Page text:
Conceptual and Methodological Advances
Edited by Henk A. Becker and Frank Vanclay
Chapter 8: An Ecological Model of Wellbeing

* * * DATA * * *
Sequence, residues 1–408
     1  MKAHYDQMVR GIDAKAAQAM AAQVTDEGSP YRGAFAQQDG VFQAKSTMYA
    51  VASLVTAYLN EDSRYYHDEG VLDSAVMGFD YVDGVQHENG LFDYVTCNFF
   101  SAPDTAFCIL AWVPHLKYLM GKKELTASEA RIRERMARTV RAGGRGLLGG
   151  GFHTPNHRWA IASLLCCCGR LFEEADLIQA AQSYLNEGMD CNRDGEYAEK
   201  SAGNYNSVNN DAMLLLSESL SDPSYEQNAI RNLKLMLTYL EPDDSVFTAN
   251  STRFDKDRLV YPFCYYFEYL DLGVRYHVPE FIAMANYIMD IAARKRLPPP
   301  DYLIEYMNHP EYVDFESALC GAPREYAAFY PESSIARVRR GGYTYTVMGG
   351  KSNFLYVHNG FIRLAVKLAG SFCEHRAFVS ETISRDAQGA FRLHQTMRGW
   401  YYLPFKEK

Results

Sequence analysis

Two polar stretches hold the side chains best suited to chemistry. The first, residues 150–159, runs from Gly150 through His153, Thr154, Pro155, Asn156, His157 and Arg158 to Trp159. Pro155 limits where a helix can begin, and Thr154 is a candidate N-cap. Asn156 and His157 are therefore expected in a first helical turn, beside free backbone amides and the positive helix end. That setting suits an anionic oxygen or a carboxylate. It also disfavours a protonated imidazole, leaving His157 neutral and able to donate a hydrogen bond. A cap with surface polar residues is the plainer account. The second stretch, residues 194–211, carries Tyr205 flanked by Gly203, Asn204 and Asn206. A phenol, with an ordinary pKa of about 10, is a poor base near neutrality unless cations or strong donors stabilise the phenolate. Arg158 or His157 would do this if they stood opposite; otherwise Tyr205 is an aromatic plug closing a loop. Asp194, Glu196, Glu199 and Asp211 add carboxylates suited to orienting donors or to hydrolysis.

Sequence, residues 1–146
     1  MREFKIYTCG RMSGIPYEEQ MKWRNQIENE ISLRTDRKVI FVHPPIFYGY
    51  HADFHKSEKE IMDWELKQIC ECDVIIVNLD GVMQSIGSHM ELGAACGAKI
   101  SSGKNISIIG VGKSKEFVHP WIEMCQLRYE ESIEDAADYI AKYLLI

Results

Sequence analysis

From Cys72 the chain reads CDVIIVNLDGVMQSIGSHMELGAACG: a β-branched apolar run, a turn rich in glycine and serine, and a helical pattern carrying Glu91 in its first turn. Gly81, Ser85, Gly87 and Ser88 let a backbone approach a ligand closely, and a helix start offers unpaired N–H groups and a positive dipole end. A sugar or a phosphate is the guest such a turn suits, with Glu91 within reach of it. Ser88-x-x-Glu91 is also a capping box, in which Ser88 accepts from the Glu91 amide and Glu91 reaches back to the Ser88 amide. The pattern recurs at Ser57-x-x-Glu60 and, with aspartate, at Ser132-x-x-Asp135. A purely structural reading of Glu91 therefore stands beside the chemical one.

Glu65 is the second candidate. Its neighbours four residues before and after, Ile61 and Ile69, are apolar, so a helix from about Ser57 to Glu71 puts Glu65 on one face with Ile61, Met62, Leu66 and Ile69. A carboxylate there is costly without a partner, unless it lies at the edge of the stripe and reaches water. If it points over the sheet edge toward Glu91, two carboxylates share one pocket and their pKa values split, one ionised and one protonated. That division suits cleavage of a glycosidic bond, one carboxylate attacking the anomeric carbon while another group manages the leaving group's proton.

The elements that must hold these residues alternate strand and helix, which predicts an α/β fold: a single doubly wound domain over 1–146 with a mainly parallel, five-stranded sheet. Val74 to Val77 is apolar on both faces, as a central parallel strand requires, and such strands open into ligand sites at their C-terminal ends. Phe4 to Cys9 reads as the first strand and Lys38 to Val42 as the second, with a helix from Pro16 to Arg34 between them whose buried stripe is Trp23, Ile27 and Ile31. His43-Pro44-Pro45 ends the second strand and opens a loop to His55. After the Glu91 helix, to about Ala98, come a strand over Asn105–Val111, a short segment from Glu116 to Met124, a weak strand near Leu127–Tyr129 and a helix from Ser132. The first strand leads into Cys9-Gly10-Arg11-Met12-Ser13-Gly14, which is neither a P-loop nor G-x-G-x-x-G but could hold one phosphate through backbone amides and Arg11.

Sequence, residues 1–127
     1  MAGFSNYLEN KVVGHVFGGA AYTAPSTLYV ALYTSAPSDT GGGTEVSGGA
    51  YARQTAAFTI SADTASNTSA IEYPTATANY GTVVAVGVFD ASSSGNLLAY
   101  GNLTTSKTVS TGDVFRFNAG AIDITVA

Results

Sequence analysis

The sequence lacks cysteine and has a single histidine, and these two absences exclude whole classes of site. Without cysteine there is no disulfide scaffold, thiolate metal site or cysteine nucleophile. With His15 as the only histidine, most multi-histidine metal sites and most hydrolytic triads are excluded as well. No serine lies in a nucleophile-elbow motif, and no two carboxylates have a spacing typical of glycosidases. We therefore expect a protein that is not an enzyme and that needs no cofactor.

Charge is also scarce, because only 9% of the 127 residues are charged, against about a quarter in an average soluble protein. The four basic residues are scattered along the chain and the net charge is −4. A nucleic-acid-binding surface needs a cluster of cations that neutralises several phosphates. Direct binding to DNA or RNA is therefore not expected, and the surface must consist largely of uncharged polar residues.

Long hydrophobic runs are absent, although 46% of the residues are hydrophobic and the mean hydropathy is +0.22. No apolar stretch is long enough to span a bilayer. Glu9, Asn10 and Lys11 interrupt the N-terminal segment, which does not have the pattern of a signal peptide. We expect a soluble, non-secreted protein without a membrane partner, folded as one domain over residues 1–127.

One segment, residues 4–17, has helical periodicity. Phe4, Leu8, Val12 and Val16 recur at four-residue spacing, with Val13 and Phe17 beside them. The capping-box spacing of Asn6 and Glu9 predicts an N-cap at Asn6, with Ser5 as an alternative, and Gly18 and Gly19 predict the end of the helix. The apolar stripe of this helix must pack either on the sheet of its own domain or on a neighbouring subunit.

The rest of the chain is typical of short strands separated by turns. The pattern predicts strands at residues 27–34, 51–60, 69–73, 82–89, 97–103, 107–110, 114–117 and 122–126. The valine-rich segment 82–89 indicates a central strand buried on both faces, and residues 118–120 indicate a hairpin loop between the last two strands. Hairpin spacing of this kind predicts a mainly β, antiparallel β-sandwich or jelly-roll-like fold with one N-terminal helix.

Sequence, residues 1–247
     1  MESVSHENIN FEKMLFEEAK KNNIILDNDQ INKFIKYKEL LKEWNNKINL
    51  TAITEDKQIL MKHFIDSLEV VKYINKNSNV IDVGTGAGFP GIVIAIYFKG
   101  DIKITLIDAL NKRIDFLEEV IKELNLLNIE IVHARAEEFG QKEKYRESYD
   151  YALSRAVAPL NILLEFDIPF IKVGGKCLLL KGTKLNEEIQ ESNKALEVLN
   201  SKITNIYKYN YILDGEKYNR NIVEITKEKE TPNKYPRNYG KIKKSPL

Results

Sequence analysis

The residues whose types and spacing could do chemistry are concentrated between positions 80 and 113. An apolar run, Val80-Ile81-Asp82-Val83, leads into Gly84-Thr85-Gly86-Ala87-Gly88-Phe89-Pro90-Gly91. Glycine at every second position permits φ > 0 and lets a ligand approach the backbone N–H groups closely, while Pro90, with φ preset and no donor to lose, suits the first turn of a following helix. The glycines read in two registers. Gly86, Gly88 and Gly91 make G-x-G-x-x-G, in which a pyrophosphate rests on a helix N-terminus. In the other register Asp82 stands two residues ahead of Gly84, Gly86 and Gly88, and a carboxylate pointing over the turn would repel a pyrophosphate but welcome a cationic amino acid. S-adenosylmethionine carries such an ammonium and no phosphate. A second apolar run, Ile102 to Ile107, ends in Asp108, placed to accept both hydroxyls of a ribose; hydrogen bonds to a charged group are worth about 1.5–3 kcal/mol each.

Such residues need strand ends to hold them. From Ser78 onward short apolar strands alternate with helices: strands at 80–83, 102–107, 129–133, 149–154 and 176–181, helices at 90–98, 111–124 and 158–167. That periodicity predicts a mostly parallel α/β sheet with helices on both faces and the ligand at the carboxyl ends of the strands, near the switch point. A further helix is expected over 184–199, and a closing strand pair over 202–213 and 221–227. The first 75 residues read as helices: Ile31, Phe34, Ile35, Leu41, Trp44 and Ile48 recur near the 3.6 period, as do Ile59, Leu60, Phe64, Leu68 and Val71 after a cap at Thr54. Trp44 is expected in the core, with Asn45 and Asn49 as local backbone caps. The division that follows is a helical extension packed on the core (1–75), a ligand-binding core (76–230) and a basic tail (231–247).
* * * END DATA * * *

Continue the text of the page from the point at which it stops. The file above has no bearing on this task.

Davianna Pomaika’i McGregor, Paula Tanemura Morelli, Jon Kei Matsuoka and Luciano Minerbi Introduction ‘Wellbeing’ is a multifaceted concept drawing on both environmental and intrapsychic factors. An ecological model of wellbeing assumes that a healthy ecological system is the foundation for a functional economy and social system that can sustain a high quality of life for its residents. In western societies, wellbeing is measured using indicators such as asset income, poverty rates, residential stability, and disease and mortality rates (Oﬃce of the Assistant Secretary for Planning and Evaluation, 1997). In non-western cultures, including those of indigenous Paciﬁc Islanders, human wellbeing is often synonymous with the health and vitality of natural resources in addition to the perpetuation of cultural traditions and a communal identity (McGregor et al., 1998; Papa Ola Lokahi, 1992). A number of theorists have proposed ecological systems models that explain the eﬀects of environment on personal identity and predispositions, family structure and roles, and communal networks and patterns (for example, Bronfenbrenner, 1977, 1995; Bronfenbrenner and Ceci, 1994). Bronfenbrenner (1995) asserted that human development and wellbeing were established through a series of reciprocal interactions between biopsychological human beings and their social and physical environments. This proximal process occurs between individuals and their families and within peer, learning and recreational activities. The signiﬁcance and impact of features within the proximal realm are apt to vary across cultures. Social impact assessments (SIAs) conducted in the context of nonwestern cultures, indigenous cultures, or subcultures within a predominant western one,...
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